Contemporary jazz icon Keilo Matsui began playing piano at the age of five. With sales of over 1.2 million units in the U.S. and sold-out appearances at concert halls across the world, she is one of the most recognized artists in the genre.
In addition to being the first Japanese artist to top Billboard’s contemporary jazz chart, she actively supports a range of charities, including the Y-Me Breast Cancer Organization. United Nations World Food Programme's efforts in Africa, and California for A3M's charity for the National Marrow Donor Program.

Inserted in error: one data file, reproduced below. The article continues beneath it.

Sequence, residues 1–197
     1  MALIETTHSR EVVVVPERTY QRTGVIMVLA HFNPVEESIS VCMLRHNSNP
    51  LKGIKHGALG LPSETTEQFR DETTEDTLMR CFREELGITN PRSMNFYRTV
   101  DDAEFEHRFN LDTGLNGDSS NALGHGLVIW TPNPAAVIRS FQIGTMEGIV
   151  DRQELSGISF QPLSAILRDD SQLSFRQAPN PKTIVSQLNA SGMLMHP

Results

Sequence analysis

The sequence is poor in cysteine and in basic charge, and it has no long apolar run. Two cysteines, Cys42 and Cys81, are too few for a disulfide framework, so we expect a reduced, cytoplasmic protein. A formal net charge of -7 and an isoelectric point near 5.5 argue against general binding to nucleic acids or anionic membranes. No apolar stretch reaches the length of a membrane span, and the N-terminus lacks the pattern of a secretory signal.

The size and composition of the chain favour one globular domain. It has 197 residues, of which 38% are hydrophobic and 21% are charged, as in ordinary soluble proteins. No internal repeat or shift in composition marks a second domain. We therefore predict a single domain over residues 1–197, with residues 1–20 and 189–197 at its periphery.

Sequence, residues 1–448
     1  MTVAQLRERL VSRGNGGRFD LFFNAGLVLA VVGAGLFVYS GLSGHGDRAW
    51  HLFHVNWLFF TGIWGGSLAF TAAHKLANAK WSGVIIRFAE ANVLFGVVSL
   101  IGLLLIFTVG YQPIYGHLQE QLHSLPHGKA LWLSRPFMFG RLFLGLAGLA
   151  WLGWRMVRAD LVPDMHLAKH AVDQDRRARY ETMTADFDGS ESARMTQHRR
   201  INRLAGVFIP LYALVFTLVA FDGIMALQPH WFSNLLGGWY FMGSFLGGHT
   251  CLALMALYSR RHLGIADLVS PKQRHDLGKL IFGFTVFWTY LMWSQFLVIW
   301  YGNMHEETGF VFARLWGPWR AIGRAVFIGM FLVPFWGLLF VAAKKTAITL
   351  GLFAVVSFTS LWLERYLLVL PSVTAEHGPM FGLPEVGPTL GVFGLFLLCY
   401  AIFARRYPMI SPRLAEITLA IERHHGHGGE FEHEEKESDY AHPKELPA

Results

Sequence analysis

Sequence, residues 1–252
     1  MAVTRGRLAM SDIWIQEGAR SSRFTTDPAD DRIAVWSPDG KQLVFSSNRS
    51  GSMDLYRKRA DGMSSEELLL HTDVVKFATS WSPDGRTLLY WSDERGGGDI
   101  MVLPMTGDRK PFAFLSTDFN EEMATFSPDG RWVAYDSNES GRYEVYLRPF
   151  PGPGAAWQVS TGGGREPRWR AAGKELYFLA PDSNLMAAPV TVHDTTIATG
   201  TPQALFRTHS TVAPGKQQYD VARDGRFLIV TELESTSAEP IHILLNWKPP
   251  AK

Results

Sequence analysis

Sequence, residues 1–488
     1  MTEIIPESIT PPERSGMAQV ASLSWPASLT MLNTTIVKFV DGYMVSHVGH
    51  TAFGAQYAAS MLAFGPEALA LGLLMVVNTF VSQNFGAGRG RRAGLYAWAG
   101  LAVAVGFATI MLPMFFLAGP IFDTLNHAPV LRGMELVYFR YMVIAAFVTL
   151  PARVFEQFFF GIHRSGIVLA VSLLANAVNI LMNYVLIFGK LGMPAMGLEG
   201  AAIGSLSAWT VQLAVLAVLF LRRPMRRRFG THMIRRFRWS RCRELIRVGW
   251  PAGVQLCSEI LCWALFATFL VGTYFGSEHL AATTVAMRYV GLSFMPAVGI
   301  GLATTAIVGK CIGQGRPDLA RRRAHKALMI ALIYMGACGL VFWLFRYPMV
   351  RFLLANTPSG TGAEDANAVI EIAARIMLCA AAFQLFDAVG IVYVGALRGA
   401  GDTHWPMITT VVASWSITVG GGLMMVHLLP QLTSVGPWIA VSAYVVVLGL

Matsui is now putting the final touches on her latest album, due early 2011 with Shanachie Records. I spoke with her prior to her debut three-night stand happening next week at New York’s venerable Blue Note Jazz Club.
- Congratulations on your very first show at New York’s Blue Note. How do you feel about playing there and what do you expect?
Of course in New York, Blue Note is a legendary place, and I’m very happy to be there. At the same time, I have toured in many different countries, and I always feel very fortunate at the concerts to feel that music connects us beyond the culture, history, country, everything. So, I really feel that this experience at Blue Note will be very special.